Iwakuni Marine Captain guides service members facing adversity toward personal and professional recovery

U.S. Marine Corps photo by Lance Cpl. Isaac Orozco
U.S. Marine Corps photo by Lance Cpl. Isaac Orozco

Iwakuni Marine Captain guides service members facing adversity toward personal and professional recovery

by Lance Cpl. Isaac Orozco
Marine Corps Air Station Iwakuni

MARINE CORPS AIR STATION IWAKUNI, Japan – “If you saw yourself from 5 years ago standing in front of you, what would they say? Would they be proud or disappointed?” This question is one that U.S. Marine Corps Captain Melvin D. Jacobs never forgot. He often asked himself this when he was facing his own adversity earlier in his career, feeling isolated from his peers, and even to an extent, himself. The question was a constant reminder for him to stay on the right track and be the leader he was meant to be. Now, instead of reflecting on the question, Jacobs is the one who asks it to service members who need the same help and resources he once needed as he faced his own hardships.

Jacobs has been stationed at Marine Corps Air Station Iwakuni, Japan since 2018. He Originally served as the S-6 Officer in Charge for Marine Wing Support Squadron 171, and now serves as the S-6 Officer in Charge for MCAS Iwakuni.

Jacobs is also the creator of the Adversity Recovery and Mentorship (ARM) program. The ARM program is designed to provide service members additional resources to cope with and recover from pending or adjudicated punishments and adversity. Jacobs dedicates much of his time to organizing the program each month to ensure service members have as many opportunities as possible to enroll.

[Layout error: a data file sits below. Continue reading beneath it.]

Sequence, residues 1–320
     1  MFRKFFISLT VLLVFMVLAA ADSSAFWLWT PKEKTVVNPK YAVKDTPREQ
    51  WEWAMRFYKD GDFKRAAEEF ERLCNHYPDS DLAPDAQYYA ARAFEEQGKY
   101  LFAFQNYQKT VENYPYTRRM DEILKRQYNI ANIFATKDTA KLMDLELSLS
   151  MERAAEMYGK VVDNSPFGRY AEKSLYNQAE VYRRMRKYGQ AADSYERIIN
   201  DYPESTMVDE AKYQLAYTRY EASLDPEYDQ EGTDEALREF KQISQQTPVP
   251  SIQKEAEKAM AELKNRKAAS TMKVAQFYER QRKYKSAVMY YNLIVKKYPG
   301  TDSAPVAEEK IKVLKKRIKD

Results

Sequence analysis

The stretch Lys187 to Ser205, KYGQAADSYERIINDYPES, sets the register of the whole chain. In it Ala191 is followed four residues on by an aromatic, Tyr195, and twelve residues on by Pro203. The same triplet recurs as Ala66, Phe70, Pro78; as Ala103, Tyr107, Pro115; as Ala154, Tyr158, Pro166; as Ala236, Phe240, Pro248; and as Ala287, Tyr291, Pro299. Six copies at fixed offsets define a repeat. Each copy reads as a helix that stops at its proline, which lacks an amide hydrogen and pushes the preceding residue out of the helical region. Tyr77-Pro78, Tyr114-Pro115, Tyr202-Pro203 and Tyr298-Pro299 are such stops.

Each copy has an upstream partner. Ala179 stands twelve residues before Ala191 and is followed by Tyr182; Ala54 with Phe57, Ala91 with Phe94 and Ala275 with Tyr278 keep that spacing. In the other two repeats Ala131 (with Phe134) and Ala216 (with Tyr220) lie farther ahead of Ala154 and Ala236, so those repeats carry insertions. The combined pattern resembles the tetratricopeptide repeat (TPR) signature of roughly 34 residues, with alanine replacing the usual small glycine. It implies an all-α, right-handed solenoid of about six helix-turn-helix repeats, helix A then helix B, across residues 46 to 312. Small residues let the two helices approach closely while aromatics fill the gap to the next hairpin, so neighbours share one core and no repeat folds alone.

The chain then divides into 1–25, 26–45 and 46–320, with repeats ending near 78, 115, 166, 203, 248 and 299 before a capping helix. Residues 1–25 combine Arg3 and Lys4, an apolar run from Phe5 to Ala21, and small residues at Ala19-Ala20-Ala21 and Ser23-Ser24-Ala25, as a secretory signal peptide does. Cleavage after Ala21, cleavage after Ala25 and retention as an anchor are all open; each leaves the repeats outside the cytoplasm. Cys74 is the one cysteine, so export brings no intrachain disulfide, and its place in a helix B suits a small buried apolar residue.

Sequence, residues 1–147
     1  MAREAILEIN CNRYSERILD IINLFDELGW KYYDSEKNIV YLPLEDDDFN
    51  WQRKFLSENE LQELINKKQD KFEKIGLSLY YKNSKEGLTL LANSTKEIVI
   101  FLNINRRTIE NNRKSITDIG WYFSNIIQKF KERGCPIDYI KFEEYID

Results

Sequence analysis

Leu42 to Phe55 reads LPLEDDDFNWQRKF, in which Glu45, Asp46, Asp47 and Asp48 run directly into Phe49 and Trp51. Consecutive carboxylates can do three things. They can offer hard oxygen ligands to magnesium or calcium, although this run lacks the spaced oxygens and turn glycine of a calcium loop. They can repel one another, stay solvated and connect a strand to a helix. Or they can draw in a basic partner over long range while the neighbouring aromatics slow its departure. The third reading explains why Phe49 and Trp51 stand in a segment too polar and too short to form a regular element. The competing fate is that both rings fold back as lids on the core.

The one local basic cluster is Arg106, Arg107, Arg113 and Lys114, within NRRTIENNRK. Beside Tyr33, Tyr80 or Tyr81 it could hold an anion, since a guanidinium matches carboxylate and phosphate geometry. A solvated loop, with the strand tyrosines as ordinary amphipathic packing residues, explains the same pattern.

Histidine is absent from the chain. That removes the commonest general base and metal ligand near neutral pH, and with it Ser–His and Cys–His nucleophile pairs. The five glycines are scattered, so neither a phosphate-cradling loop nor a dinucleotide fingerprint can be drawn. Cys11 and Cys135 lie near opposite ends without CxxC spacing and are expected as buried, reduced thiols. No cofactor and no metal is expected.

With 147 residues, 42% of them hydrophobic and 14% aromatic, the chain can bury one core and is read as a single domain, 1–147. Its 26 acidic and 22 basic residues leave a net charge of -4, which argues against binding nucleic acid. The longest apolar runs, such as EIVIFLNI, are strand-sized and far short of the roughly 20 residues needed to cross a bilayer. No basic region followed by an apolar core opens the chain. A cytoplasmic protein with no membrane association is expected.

“Service members who find themselves in legal jeopardy, many times, are looked down upon and automatically labeled many different derogatory terms,” Jacobs says. “It doesn’t matter how long you’ve been in, once you’ve made that mistake you will be looked at differently, and it shouldn’t be that way. I believe this is why this program is so important; it introduces services members to the individuals who have gone through this before and can provide proven guidance on how to recover.”

The program itself is a monthly occurrence and offers those who participate valuable experiences such as classes on topics like resiliency and self-advocacy, contacts for upcoming volunteer opportunities, and advice from a wide range of guest speakers like command financial specialists or the installation volunteer coordinators.

In order to bond with those in the program more and show them recovery is very much possible, Jacobs is transparent in sharing his life-altering experiences earlier in his military career.

“When I was a 19-year-old lance corporal, I got into a fight and found myself in a Japanese jail in Okinawa and later a juvenile detention center,” he says. “While I was in jail, I really thought about what got me into that point of my life.”

Additionally, from other mistakes that were made, Captain Jacobs found himself the subject of a command investigation resulting in receiving a Summary Court-Martial, being reduced from to the rank of Private, loss of pay, and 30 days in the brig.

Jacobs said that the experience was extremely dispiriting, and that it had serious ramifications for him going forward. The event was a wake-up call for him to fully realize who he was deep down: a leader.

“Going through my adversity impacted me the most,” he says. “It made me realize what was important and that if I wanted to be successful, I needed to make some big changes in my life. The things I was doing during that time were very much out of my character.”